PAXLOVID

Jill Biden Prescribed Paxlovid to Treat COVID. Here's What to Know About the Antiviral Drug

President Joe Biden also took the treatment, as well as Illinois Governor J.B. Pritzker

La Administración de Alimentos y Medicamentos (FDA, por sus siglas en inglés) autorizó este miércoles el uso de emergencia de Paxlovid de Pfizer, la primera píldora para el tratamiento del COVID-19.
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First Lady Jill Biden is experiencing "mild symptoms" after testing positive for COVID, the White House announced Tuesday.

Biden, who has been twice-vaccinated and twice-boosted, has been prescribed Paxlovid, the same antiviral drug that President Joe Biden recently took when he contracted the virus.

Following his treatment, the president caught a rebound case of COVID, a phenomenon characterized by a recurrence of symptoms following initial improvement and recovered Aug. 7.

When Illinois Governor J.B. Pritzker contracted the illness in July, he was also prescribed Pfizer's anti-viral medication.

So how does Paxlovid work? How soon do you need to take it? Who’s even eligible to have it prescribed?

Here’s what we know about the treatment.

How Does the Drug Work?

According to Yale Medicine, a full treatment cycle of Paxlovid is taken over a five-day period, and requires the patient to take a total of 30 pills, or six per day.

A patient needs to take three pills at a time, and does so twice per day.

Two of the pills are a medication known as “nirmatrelvir.” That drug, according to the CDC and Yale, inhibits production of an enzyme that the COVID virus needs to create certain key particles.

The third pill, known as “ritonavir,” helps to boost the effectiveness of the medication by slowing down its metabolism by the liver, thereby allowing it to remain in the body longer.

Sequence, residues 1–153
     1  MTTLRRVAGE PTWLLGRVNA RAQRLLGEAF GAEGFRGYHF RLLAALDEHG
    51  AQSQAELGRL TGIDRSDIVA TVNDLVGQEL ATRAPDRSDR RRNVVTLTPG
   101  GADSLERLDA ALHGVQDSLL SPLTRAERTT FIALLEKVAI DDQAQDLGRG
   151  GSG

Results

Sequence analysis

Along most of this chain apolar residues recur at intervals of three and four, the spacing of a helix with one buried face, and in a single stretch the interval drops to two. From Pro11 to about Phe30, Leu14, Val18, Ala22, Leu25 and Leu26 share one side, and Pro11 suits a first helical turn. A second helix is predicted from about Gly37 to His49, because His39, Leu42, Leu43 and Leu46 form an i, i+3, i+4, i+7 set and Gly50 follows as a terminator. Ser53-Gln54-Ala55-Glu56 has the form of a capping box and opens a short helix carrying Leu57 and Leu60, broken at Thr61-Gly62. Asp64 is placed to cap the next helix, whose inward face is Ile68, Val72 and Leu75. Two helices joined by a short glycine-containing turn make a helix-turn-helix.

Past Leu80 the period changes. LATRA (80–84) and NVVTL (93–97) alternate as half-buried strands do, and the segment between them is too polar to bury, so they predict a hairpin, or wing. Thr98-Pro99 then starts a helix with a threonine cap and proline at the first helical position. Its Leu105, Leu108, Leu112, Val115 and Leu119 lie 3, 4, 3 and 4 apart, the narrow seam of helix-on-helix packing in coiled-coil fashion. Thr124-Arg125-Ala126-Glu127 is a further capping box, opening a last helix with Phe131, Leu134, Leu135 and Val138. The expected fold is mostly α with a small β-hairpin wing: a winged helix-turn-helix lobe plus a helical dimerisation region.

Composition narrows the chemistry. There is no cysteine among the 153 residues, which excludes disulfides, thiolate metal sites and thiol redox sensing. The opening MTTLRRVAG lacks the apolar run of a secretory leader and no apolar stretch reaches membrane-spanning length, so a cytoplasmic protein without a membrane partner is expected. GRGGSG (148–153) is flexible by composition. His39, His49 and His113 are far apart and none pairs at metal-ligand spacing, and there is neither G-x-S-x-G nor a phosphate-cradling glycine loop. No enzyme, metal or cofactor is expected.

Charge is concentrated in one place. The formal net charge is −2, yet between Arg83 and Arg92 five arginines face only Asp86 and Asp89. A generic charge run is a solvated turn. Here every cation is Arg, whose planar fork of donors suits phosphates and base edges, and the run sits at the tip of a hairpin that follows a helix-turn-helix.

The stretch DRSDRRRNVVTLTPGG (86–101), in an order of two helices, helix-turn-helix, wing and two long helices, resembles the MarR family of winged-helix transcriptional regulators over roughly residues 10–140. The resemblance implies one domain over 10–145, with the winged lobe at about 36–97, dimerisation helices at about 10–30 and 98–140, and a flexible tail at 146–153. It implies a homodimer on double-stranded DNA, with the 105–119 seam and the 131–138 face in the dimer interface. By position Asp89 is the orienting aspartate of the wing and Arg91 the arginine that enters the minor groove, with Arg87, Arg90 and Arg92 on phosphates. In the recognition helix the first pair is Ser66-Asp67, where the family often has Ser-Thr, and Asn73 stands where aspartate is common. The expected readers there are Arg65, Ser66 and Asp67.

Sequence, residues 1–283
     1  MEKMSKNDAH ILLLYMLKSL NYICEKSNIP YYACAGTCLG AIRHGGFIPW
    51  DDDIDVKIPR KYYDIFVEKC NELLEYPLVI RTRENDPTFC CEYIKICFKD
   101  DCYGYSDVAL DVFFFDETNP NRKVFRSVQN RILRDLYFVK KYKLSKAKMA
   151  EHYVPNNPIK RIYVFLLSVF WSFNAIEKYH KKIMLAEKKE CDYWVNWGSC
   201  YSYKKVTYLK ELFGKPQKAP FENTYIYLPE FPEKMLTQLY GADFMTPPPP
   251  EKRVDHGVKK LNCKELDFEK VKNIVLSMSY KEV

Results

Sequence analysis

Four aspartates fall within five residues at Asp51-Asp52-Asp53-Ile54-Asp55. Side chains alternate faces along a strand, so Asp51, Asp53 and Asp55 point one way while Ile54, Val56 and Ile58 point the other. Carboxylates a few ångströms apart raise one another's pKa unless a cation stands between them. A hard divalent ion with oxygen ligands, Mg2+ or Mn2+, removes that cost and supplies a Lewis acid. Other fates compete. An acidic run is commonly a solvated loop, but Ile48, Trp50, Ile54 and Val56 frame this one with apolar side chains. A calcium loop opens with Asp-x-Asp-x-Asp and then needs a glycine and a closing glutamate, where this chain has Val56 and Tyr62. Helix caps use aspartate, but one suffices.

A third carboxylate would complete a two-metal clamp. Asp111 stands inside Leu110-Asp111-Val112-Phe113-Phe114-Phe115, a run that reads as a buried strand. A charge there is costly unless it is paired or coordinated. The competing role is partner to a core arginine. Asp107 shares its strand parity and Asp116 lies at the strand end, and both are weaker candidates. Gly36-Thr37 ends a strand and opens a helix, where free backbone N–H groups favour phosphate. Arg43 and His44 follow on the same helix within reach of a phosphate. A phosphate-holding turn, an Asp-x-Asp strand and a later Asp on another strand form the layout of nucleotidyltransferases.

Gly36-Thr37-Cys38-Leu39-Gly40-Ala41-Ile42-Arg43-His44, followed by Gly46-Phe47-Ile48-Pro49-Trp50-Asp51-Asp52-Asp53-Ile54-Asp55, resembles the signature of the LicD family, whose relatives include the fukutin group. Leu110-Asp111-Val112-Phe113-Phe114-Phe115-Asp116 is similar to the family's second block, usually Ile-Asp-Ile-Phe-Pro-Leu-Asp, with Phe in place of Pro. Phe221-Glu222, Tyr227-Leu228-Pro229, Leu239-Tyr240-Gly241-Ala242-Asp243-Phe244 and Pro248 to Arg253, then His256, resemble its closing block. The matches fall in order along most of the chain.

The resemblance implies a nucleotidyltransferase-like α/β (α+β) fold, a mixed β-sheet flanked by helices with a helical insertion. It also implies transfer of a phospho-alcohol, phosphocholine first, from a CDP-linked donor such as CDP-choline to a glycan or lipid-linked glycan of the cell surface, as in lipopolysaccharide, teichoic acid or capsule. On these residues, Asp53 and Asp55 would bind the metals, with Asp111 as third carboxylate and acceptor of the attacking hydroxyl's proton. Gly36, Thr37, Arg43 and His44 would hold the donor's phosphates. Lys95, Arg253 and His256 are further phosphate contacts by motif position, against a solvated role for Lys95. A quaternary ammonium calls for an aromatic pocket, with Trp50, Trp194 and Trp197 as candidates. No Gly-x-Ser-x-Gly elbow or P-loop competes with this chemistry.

How Soon Must Paxlovid be Taken?

Similar to Tamiflu, Paxlovid is designed to be taken within the first five days after the onset of symptoms.

Taking it after that point hinders the drug’s effectiveness, according to physicians.

How Effective Is It?

The Illinois Department of Public Health has cited studies that suggest that Paxlovid can reduce the risk of hospitalization by as much as 89%.

According to Yale Medicine, that number comes from studies taken of patients that took the drug within three days of symptom onset.

Who is Eligible for the Treatments?

The FDA has authorized Paxlovid for any individuals that are 12 years of age or older and are at a high risk of severe illness.

Those groups include individuals age 65 and older, or who have underlying conditions like cancer, diabetes, obesity, or others.

A recent change to the EUA also allows state-licensed pharmacists to prescribe the medication, but officials still urge the public to consult with their regular physicians or to visit a test-to-treat site (locations of which can be found here), as pharmacists can only prescribe the medication in limited situations.

Does Paxlovid Work Against Omicron?

According to Pfizer, Paxlovid is effective against omicron variants, including BA.5.

Are Other Options Available?

In the event that Paxlovid is not immediately available, the FDA has also given an EUA for Merck’s Molnupiravir treatment. That treatment is used in more limited situations, and officials only advise patients to use it if Paxlovid isn’t available.

Monoclonal antibody treatments can also be used in patients that are at-risk, or are experiencing, more severe cases of the virus. Those treatments are administered intravenously or through several shots, and can be used up to a week after symptom onset.

A map of facilities offering a variety of treatment options can be found here.

Are There Side Effects?

According to Yale Medicine, most individuals who take the medication do not experience serious side effects, although patients are urged to stop taking the treatment if they encounter symptoms common to an allergic reaction, including hives, trouble swallowing, throat tightness or a skin rash. Nausea, diarrhea, muscle aches and abdominal pain have also been reported.

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